The Influence of Gender on Mary Rowlandson's Experience as an Indian Captive

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Mary Rowlandson’s The Sovereignty and Goodness of God (1622­­) is a book that explores her experiences as an Indian captive. The book explores the 1675 Lancaster raid that resulted in the deaths of men, women, and children. Although many people got killed, Rowlandson and her daughters survived the ordeal. Gender played a crucial role in Rowlandson’s experience as a captor because it influenced fear treatment by her captors.

Role of Gender

Rowlandson’s character and experience after the attack were profoundly influenced by her gender. For being a woman, she was treated better than the other people. Despite the Indian’s savageness, she managed to thrive. Rowlandson was not mistreated in the same manner as the other captives. For example, Indians assured her of safety if she accompanied them without trouble. This was a privilege that the other prisoners did not get (Rowlandson 15). Because of gender, Rowlandson is neither beaten nor tortured by the Indian captors. Thus, gender is a critical element that facilitates her well-being in the hands of enemies. 

Relationship with Captors

Rowlandson showcased favorable ties with her captors. The Indians were not rough on her because she was a woman. For example, after knitting a shirt for one squaw, she was given groundnuts to eat. On one occasion, she asked the Indians whether they agree to sell her to her husband, a request they agreed. When Rowlandson’s daughter Sarah died, Indians oversaw the burial in her absence. After being moved for 20 times, Rowlandson was finally handed over to her husband (Rowlandson 37). Also, Rowlandson affirmed that she was not assaulted sexually by the Indians.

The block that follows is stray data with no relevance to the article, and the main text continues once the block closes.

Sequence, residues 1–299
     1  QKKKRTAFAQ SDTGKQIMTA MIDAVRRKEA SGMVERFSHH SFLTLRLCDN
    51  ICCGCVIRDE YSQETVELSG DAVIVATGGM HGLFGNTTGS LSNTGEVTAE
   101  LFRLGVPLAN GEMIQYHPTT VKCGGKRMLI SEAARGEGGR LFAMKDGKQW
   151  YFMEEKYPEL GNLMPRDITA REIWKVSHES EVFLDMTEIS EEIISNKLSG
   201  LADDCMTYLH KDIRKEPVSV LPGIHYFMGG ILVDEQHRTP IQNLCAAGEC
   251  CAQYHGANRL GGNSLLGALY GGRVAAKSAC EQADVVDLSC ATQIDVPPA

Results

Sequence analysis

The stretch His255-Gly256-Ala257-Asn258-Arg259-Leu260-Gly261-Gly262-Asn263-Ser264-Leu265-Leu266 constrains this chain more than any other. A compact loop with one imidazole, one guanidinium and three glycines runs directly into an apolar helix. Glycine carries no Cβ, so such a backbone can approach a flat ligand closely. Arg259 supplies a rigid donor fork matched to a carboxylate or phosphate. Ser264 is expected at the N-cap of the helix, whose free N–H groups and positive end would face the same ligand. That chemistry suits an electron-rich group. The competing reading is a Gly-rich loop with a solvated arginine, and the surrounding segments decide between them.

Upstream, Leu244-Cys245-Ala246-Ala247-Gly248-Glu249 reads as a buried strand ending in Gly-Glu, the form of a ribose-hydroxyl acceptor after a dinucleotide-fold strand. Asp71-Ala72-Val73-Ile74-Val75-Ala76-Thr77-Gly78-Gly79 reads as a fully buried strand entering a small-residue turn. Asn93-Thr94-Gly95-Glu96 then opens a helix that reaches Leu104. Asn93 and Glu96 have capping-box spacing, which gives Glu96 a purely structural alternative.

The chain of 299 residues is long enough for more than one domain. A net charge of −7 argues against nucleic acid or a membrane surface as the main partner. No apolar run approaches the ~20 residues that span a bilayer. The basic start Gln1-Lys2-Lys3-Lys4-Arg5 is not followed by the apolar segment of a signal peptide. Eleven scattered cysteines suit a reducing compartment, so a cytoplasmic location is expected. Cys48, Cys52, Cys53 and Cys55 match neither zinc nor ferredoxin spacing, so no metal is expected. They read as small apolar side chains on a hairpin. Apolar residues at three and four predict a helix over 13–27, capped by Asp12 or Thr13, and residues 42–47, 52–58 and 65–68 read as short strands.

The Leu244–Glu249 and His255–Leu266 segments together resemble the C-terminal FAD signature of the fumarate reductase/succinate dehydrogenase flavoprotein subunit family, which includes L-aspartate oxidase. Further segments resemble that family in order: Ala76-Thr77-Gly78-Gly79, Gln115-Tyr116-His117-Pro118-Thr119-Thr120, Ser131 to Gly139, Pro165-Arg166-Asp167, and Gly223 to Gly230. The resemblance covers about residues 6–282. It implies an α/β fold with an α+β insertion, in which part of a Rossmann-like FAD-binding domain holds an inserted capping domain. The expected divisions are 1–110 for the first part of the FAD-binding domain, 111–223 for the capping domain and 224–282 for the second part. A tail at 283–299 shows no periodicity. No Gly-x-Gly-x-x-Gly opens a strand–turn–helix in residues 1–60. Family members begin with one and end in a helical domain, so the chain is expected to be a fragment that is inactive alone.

Life Before Capture

Before being captured, Rowlandson’s life was centered on respect for God. However, she was not actively involved in religious issues. As a result, she viewed her captivity as a punishment from God. This understanding pushed her to start praying for God to grant her safety. In this case, being religious was presented as an avenue to protection. She also refused to knit on a Sabbath because it was a day for worshiping God. Rowlandson’s knowledge of God enabled her to judge the religious Indian’s practices. She termed them as savages even though they were Christians (Rowlandson 65). This conclusion was made because of the Indians’ strong attachment to traditions and disrespect for life.

If Rowlandson was a Man

The situation could have been entirely different if Rowlandson was a man. The reason for this argument is that all males were subjected to death by the Indians. During the attack, her brother in law was shot and killed. Her neighbor, who was a man was also shot while pleading for mercy from the Indians. Rowlandson’s nephew, who was a young boy, broke his leg during the attack. Instead of offering him treatment, the Indians ended up killing him (Rowlandson 75). Therefore, had she been a man, she could have lost her life during the attack.

How it Would have been the Same

At the beginning of the violent attack, Rowlandson was warned against defying the Indian’s authority. If she attempted to escape, she could have been killed, regardless of her gender. Opting to cooperate increased her chances of leaving captivity alive, unlike the other captives who chose to defy orders (Rowlandson 80). As portrayed by Rowlandson, her faith in God facilitated her release. If she was not prayerful, she could have faced death.

Conclusion

Rowlandson’s The Sovereignty and Goodness of God (1682) portrays how Indians captured Rowlandson. Gender played a critical role in preventing her from being punished and killed by the attackers. Her experience was better than that of en because many of them were killed. The book presents Rowlandson as a prayerful woman who used prayer to overcome her enemies. 

Work Cited

Rowlandson, Mary. The Sovereignty and Goodness of God. Stilwell: Neeland Media LLC, 1682. Print.

November 24, 2023
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Literature

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Books

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Literature Review

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640

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